The main driver behind the endeavor, nanotech company Rusnano, was set up in 2007 and is now 100% owned by the Russian Federation. It has supported more than 130 nanoprojects with a total worth of $17.5bn over the past four years, Rusnano’s official website says.

X5 Retail Group N.V. has been in Russia’s vast retail FMCG business for six years now. It had sales of more than $11bn last year, according to the firm. As of September, 2011 the group ran a reported 2,785 outlets in Moscow, St. Petersburg and across the European part of Russia as well as 29 distribution hubs throughout this country. Its most known brands are Pyatyorochka, Perekrestok and Karusel.

The CIS’ largest RFID card and tag maker, Sitronics is also an Eastern European major in telecom solutions, IT, systems integration, microelectronics and business consulting. A company with a reported 3,500 corporate client base, Sitronics has rep offices in 30 countries and exports to 62 countries.

For Sitronics, Store of the Future is yet another in a series of RFID-related projects. Two months ago the company undertook to bring RFID technology into domestic agriculture in an effort to help federal authorities take stock of Russian cattle.

Probing into regions

According to Rusnano, the Store of the Future project will be also taken to the Republic of Tatarstan, the mid-Volga area, and Siberia’s Tomsk region. Exact locations will be reportedly negotiated by the end of this year, and the sophisticated outlets will be launched in 2014.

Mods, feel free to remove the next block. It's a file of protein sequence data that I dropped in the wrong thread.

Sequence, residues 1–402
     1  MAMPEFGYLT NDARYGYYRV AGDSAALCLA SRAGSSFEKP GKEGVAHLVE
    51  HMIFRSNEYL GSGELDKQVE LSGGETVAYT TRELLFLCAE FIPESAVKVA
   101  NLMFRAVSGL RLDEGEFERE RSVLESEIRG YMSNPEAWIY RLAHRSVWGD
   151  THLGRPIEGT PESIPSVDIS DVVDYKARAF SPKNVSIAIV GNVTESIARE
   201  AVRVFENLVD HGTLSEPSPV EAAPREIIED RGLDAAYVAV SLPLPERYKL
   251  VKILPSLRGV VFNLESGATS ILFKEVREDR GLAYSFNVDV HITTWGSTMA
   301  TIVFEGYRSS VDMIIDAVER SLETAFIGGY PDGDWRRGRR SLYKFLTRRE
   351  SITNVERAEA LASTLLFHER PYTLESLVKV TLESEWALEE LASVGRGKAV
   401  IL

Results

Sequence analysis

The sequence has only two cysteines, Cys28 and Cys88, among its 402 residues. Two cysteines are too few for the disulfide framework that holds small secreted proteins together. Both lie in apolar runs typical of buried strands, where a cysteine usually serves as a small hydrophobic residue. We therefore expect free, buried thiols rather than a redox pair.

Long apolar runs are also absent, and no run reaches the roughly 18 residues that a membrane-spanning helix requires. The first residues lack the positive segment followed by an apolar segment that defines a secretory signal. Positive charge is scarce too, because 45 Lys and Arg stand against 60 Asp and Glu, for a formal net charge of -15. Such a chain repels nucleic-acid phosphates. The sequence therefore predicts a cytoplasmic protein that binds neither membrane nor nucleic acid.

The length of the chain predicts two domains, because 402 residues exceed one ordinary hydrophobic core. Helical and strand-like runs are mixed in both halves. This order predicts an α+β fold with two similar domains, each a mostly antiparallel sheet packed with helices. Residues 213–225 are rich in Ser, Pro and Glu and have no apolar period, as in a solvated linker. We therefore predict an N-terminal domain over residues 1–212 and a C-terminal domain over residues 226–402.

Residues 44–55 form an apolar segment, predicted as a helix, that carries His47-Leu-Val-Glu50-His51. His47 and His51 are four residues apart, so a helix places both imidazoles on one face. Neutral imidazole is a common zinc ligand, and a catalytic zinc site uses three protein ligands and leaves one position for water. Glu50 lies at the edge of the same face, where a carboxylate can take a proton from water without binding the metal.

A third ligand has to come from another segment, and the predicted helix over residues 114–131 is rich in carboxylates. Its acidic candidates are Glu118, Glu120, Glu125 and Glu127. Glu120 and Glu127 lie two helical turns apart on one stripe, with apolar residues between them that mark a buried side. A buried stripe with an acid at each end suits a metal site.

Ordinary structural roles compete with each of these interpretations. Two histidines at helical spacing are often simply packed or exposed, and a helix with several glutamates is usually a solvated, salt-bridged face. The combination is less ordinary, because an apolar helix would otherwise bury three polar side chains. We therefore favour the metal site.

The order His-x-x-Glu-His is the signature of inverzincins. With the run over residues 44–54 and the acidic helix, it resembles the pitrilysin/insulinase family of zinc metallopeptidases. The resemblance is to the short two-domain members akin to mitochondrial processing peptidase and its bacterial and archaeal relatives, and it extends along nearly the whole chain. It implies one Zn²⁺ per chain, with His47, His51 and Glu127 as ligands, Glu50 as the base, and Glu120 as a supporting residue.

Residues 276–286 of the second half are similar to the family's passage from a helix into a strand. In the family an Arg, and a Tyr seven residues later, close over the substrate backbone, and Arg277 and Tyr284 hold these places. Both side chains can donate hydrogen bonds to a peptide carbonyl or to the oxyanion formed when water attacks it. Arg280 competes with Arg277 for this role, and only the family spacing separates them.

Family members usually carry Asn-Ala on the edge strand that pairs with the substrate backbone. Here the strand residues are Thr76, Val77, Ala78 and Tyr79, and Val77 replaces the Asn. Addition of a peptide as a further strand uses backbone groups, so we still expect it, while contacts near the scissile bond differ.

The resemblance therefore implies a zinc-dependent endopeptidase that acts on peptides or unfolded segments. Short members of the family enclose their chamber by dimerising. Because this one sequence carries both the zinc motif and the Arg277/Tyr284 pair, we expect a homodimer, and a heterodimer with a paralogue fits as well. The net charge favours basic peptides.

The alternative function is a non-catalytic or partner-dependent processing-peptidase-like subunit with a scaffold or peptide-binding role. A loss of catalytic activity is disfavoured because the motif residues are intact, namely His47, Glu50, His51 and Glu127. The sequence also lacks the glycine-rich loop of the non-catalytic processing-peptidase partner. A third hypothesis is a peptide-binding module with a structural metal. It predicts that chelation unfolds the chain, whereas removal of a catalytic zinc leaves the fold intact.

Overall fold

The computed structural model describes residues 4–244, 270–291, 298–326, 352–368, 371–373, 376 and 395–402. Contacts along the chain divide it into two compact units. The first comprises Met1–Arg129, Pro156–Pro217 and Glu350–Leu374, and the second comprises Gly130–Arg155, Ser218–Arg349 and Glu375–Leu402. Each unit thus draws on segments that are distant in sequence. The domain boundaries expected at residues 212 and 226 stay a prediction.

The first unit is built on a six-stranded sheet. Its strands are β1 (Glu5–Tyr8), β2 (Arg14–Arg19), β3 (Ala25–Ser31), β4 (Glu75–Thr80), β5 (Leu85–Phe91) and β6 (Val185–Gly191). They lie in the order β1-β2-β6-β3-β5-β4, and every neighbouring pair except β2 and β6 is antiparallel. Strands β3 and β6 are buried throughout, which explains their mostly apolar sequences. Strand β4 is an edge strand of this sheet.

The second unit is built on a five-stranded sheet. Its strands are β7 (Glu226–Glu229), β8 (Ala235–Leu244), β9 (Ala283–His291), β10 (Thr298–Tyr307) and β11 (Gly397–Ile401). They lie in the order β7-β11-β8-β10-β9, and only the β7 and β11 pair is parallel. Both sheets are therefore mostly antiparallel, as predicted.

The regions have been primarily chosen for their proven technology innovation drive, Rusnano says. In Tatarstan alone, a reported 85% of the population has access to 3G mobile services—a factor that the Store of the Future developers believe will smooth the progress of the new RFID effort there.

Rusnano also notes that these regions’ administrations and local business partners are cooperative and willing to try.

The cart before the horse?

Russia’s nanotech giant is upbeat and airs confidence that in two years’ time using mobile phones as next gen ‘wallets’ will be standard for the Russians. Experts—and even X5 managers involved in the project—are less buoyant.

The retailers emphasize that goods wrapped in foil as well as aluminum cans are still hardly RFID-taggable and therefore provide a problem.

Bankers warn that fine-tuning technology is not enough to make the project successful. Changing the Russian populations’ entrenched habits is the much tougher challenge. Most people here still prefer cash even to bank cards, not to mention payment by gadgets like phones.

Mobile banking is still exotics in Russia. Marina Treshchova, the CEO of business accelerator Fast Lane Ventures, told Marchmont last week that Russian people “…cannot enjoy the lion’s share of services and products that have been par for the course in the West for years, such as banking, e-commence, delivery of goods, e-pays, etc.”

As Svyaznoy Bank vice-president Yevgeny Davydovich put it, “…there’s a certain segment of customers ready to embrace the new service, but it won’t be a business until millions of people want it.”